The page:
"We must make the case for civil nuclear power to tackle the energy crisis with least damage to the environment."
– Conservative spokesman on energy, October 2005
I have always been "instinctively hostile to nuclear because I’m suspicious of the dangers it poses."
– Conservative spokesman on energy, February 2006
The shift in emphasis has come with a change of policy spokesman. The October 2005 statement was made by David Willetts to the Conservative Party Conference. The second statement was made by David’s successor as Shadow Secretary of State for Trade and Industry, Alan Duncan. The FT interprets the new stance as "unexpectedly hostile" to the
endorsement of nuclear power that will likely be made by Prime
Minister Tony Blair’s energy review.
Mr Duncan uses an interview with today’s FT (subscription required) to emphasise the difficult economics of nuclear energy:
"The economics are absolutely crucial. The only power station anyone’s going to build in a free market at the moment is a gas-fired one. On the nuclear side, there’s a massive question mark over whether, if a nuclear generating company were made to meet all its costs through the entire life cycle of the project, that they would ever build a nuclear power station. That calls into question, given the nuclear decommissioning costs… the relationship between the nuclear sector and government. If, and again this might come out of the review, it looks as though coal and oil can capture and not emit carbon, then they can contribute to an emissions target."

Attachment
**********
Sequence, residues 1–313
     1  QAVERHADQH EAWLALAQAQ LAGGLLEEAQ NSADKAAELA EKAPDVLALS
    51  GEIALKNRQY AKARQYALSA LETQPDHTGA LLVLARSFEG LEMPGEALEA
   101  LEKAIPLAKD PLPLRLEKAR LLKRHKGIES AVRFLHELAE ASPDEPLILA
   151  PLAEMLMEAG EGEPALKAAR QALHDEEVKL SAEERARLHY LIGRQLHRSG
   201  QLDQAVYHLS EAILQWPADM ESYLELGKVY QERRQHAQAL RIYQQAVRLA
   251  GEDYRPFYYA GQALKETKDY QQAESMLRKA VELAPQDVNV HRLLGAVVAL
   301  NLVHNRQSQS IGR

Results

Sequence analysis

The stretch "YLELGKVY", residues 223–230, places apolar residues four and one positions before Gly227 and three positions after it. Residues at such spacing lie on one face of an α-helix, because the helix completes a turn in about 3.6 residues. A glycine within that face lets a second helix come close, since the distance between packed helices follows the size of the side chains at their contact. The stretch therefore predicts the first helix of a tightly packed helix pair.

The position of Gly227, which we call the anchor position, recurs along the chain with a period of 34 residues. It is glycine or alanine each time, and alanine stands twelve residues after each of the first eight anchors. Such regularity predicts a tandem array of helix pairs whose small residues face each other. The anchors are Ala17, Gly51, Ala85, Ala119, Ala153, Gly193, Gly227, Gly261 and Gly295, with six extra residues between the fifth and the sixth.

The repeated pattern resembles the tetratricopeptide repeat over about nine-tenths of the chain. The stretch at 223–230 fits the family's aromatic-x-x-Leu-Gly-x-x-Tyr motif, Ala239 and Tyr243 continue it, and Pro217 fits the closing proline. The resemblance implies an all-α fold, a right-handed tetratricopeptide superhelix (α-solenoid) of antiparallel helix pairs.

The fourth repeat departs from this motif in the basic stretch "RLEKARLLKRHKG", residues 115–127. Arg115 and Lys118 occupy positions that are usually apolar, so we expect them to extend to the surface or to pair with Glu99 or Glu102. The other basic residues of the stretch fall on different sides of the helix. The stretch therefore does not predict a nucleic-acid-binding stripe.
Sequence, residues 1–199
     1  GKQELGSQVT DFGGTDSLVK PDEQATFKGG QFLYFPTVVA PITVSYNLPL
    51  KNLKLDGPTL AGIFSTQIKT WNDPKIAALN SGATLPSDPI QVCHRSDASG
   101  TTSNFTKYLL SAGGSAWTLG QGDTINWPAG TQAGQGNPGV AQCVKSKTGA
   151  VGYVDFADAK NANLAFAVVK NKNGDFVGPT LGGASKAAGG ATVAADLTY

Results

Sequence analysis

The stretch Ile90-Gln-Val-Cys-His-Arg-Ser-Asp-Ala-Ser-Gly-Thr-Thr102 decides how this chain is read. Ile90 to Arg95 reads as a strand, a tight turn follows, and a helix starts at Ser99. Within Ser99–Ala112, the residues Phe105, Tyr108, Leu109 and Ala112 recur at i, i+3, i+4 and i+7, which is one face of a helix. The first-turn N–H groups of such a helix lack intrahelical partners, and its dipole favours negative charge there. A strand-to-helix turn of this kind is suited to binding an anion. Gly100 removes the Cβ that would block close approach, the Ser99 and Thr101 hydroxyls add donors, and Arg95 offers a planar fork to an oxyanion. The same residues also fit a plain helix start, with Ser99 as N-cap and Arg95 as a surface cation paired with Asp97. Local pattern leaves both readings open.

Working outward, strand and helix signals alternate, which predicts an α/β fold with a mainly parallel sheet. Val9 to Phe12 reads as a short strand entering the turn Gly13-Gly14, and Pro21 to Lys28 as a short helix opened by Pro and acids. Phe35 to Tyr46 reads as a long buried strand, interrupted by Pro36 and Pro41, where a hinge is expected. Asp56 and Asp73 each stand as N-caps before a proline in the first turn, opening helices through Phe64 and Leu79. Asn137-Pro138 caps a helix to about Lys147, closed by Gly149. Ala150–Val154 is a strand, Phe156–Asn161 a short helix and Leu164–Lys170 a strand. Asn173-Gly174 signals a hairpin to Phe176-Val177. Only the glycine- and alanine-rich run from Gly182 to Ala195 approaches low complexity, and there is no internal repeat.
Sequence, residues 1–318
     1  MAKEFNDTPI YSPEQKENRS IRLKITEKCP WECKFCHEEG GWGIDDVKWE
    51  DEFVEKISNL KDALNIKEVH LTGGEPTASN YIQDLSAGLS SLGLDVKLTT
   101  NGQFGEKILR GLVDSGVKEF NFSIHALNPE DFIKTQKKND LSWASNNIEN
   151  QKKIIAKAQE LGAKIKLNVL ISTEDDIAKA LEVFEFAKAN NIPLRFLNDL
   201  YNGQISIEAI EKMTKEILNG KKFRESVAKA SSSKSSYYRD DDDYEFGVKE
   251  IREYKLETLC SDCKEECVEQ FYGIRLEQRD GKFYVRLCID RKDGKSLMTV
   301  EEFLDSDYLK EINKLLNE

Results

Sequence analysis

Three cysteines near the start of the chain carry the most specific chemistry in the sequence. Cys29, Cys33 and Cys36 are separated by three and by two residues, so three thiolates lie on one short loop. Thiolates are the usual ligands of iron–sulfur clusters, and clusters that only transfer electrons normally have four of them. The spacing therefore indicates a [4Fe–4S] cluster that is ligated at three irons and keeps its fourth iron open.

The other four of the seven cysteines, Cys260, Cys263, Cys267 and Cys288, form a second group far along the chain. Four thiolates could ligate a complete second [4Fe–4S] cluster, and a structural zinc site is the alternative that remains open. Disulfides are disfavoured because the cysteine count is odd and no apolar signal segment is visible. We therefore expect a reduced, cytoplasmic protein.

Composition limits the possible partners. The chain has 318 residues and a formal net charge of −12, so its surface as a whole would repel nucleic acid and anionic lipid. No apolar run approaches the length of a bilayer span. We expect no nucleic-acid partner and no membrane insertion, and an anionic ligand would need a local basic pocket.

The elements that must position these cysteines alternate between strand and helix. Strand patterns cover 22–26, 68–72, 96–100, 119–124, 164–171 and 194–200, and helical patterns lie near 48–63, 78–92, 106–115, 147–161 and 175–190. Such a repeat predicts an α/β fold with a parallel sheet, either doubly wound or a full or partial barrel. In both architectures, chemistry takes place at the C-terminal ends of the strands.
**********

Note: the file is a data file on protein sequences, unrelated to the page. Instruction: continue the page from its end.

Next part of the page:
But is Mr Duncan’s premise correct? He talks of a "free market" in energy but, in reality, it is a heavily (and, perhaps, unfairly) regulated market. The poor economics of the nuclear industry are partly blamed by some on reactionary over-regulation (see here and here for an American context).
In any case… should cost be the only consideration when it comes to the ‘nuclear option’? Environmentalists such as James Lovelock believe that a major expansion of nuclear energy is the only way to beat global warming. Others believe that embracing nuclear power is necessary for energy security. For the second time in a very short time I find myself agreeing with Chris Patten. In yesterday’s FT he asked…
"Do we really prefer dependence on Vladimir Putin, Russian president, and Gazprom or nuclear power?"
My guess is that we probably need a diverse mix of energy sources. Some will be cheaper at different times as technologies and market conditions evolve. The Conservatives should support Tony Blair if he takes the nuclear option. The need for long-term solutions to both the energy and pensions crises demand a degree of cross-party consensus. The Tories shouldn’t play politics on this issue. Let’s leave that to the LibDems…
TODAY’S FRONTPAGE OFFERS NEWSLINKS ON BUSH’S NEW ENERGY POLICY ANNOUNCEMENTS.